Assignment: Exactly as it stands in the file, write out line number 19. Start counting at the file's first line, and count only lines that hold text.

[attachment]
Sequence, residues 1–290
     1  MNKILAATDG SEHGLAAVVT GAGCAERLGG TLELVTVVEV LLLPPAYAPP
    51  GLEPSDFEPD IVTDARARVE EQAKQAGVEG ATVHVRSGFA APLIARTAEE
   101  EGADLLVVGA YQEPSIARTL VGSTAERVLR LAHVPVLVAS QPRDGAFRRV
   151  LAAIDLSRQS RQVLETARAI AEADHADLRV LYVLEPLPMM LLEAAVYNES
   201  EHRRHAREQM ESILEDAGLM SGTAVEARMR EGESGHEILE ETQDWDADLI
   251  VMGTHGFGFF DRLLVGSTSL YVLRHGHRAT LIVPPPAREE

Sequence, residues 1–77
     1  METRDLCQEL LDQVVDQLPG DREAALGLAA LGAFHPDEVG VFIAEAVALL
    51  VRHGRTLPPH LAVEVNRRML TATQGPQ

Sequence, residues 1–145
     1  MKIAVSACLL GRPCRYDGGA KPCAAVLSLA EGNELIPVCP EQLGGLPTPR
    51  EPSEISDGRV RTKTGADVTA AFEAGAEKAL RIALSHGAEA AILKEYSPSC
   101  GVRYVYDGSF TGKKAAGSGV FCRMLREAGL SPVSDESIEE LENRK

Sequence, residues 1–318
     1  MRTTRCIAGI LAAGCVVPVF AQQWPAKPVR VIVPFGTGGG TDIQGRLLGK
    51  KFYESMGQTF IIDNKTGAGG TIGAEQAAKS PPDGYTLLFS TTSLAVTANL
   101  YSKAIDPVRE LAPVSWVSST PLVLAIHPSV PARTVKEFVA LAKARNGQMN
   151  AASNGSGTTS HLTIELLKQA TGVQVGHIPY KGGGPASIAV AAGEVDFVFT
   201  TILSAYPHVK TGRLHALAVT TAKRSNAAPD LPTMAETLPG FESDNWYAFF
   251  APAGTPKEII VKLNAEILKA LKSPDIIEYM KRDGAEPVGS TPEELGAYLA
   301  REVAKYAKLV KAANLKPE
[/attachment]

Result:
   151  AASNGSGTTS HLTIELLKQA TGVQVGHIPY KGGGPASIAV AAGEVDFVFT